1. Enjoy the weather! Go outside and take a walk. Write about what you see, what you hear, how the air feels on your skin. Be one on whom nothing is lost.
2. Find a natural object. I recently took my shell collection to a workshop and we spent ten minutes writing about our shells. It’s amazing how much you can write if you just pay attention.
3. Write about the past. Recreate it. Begin with the words: I remember . . .
4. Write about your life online. Tell a story about a friendship made or lost over the Internet.
5. Be here now. Look around you. Record everything you see, pay careful attention to sounds and smells. Eavesdrop! What are people saying?

Talent is a fine thing

A while back, I was reading Outliers: The Story of Success by Malcolm Gladwell. Fascinating stuff. One of the takeaways from the book is that success in almost any endeavor is the result of performing a specific task for a total of around 10,000 hours. For example, The Beatles’ incredible “overnight” success” didn’t take place until they had worked together night after night for several years.

Now, in another book titled Talent is Overrated by Geoff Colvin, I came across a similar  idea: if you want to get really good at something you must engage in “deliberate practice” of that activity. Colvin writes, “the evidence seems strong that the right kind of practice can turn someone of unremarkable endowments into a much better, even exceptional performer.” This is probably the idea behind Julia Cameron’s concept of morning pages that she espouses in The Artist’s Way. Write every morning in longhand for three pages, she advises.

I generally write in my journal every morning. I record my dreams, write about things that are going on in my life, and usually jot down some goals for the day. I’ve read that people who write down their goals are more likely to accomplish said goals than people who don’t. I can’t speak for other people but it’s certainly true for me. But I’m not sure that kind of writing is really effective as writing practice.

Colvin identifies five elements of deliberate practice:

  • the practice is designed to improve performance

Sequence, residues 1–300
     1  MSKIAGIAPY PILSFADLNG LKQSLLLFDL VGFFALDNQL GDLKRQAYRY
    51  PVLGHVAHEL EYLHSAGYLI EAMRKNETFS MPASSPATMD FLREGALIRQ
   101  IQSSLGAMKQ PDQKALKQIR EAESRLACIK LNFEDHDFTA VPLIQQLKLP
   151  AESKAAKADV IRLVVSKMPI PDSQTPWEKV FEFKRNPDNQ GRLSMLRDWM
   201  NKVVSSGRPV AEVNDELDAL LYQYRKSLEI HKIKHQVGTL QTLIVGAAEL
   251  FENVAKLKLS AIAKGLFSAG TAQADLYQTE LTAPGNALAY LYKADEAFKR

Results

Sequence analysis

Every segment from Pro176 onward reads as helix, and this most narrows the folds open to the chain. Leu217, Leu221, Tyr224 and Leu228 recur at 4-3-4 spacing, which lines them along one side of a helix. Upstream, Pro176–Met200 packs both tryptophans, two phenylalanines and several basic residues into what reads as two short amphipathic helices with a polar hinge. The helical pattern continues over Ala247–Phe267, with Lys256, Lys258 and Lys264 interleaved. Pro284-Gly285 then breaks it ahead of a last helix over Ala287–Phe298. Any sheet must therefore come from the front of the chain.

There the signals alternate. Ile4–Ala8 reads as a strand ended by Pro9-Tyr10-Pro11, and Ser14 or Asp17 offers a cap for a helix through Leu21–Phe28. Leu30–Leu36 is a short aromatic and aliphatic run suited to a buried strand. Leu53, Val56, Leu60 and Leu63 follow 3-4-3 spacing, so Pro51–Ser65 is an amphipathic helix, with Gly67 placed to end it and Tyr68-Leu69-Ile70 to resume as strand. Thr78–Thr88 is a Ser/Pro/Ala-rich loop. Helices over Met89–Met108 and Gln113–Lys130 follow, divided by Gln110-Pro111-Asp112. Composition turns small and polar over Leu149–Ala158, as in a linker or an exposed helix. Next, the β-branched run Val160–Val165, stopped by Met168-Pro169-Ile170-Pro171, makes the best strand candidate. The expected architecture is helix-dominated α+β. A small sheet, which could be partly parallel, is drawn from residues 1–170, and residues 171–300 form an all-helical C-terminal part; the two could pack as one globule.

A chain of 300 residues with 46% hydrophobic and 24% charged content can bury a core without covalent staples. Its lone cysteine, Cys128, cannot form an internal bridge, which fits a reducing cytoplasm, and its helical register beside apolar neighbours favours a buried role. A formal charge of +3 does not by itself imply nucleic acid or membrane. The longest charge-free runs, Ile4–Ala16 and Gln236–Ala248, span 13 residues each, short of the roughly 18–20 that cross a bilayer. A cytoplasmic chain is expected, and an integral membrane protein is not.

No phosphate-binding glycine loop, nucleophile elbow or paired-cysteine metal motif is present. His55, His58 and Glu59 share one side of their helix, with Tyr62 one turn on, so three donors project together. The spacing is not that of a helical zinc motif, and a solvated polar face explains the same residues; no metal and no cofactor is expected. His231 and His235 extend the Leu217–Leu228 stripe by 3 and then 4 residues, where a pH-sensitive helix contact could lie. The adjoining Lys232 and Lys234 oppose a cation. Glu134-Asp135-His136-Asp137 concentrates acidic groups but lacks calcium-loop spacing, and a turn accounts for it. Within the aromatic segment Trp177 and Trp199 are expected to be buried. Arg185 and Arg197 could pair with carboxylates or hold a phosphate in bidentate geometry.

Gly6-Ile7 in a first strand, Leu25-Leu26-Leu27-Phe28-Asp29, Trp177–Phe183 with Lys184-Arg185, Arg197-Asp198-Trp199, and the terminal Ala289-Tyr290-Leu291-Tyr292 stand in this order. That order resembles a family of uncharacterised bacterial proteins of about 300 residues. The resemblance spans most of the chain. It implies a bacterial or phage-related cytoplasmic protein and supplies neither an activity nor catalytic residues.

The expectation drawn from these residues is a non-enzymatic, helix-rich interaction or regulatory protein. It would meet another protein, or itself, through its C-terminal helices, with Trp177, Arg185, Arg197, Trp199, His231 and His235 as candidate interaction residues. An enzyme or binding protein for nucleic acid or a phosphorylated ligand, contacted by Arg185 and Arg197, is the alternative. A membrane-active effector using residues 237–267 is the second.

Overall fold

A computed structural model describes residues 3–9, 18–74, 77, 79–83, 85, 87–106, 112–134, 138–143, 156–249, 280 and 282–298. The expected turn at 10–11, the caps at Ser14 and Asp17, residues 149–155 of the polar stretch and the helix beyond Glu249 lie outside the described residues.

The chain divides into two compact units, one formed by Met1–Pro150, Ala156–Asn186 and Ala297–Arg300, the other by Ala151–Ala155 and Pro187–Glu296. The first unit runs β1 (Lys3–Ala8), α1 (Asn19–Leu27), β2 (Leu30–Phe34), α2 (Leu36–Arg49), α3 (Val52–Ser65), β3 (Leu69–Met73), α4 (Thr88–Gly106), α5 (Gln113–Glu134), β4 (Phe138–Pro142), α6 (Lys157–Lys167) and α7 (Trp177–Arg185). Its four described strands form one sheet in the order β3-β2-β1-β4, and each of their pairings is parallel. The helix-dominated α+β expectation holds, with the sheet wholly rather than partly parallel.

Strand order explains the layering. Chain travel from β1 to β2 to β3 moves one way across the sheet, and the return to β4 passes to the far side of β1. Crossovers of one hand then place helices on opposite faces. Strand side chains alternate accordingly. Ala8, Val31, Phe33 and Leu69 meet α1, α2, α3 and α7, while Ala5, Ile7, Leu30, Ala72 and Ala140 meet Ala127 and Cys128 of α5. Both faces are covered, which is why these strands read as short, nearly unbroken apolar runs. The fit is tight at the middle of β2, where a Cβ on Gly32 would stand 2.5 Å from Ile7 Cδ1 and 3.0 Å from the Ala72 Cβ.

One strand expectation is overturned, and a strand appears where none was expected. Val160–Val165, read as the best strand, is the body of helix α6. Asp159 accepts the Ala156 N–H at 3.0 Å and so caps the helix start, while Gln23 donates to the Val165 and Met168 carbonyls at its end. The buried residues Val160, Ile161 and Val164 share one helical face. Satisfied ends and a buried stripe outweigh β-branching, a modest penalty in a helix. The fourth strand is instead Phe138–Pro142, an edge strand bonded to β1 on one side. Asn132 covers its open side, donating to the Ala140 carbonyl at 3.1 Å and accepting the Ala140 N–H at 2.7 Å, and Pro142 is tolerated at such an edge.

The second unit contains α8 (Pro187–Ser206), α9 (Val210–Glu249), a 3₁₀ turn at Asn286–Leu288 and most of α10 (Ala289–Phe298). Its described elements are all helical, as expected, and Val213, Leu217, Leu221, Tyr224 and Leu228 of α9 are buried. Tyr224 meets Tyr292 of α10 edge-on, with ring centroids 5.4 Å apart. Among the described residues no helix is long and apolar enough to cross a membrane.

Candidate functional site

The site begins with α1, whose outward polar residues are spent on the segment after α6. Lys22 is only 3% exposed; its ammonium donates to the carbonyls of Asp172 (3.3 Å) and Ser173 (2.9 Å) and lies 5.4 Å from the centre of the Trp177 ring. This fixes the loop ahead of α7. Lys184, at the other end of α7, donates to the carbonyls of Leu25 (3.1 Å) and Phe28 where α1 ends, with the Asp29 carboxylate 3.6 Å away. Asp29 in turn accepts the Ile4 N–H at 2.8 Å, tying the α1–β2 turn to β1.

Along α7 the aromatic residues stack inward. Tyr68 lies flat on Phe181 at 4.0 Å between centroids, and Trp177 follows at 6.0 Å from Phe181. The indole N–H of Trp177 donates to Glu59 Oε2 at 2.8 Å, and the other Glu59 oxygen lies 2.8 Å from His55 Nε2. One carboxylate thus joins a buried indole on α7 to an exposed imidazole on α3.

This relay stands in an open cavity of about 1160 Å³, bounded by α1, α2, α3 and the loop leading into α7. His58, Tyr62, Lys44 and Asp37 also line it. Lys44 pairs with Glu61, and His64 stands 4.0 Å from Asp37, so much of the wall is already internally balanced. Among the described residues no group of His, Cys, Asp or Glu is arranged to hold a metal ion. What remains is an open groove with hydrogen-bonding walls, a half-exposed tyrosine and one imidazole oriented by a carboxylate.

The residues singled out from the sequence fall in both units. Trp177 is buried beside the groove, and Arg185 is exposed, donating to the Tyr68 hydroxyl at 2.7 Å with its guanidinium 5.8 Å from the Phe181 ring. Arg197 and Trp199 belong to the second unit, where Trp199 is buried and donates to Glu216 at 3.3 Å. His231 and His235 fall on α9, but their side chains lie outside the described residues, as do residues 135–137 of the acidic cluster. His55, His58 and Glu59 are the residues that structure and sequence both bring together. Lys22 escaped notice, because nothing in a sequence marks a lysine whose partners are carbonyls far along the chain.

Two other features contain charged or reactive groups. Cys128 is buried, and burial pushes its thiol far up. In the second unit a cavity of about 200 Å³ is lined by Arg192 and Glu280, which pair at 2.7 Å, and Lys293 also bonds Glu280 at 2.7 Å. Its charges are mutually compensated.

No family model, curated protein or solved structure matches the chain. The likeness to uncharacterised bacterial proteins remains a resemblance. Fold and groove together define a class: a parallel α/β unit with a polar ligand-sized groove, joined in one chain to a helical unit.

• it can be repeated a lot
  • feedback is important
  • it’s mentally demanding
  • it isn’t much fun

It’s obvious that my kind of journaling doesn’t meet those requirements. It’s not designed to improve performance. I never get feedback on it, and it’s certainly not mentally demanding.

However, the writing exercises that we do in transformative writing workshops (and which can be done every day) do meet at least the first four of the above criteria. I don’t think they meet the final one because they are fun — at least I think they are. There are probably those who disagree. In fact, I started a new workshop recently, and I’m pretty sure that the participants didn’t think it was all fun. In fact, a couple of exercises may have even been excruciating. And yet, they did them anyway because they want to get better at this thing they love.

My literary father, Harry Crews, once said, “Ah, talent. Talent is a fine thing, but to be a writer, you’ve got to have guts.”

Whether you find writing practice fun or not, the fact is that writing practice will exercise your memory, develop imagination, and hone your abilities to organize, to reflect, and to communicate. Many of my students hate to write. I think that’s because they think they aren’t very good at it. But to get good at something, at anything, as we have seen, takes practice. And once you are good at something, at anything, you will find it is more enjoyable.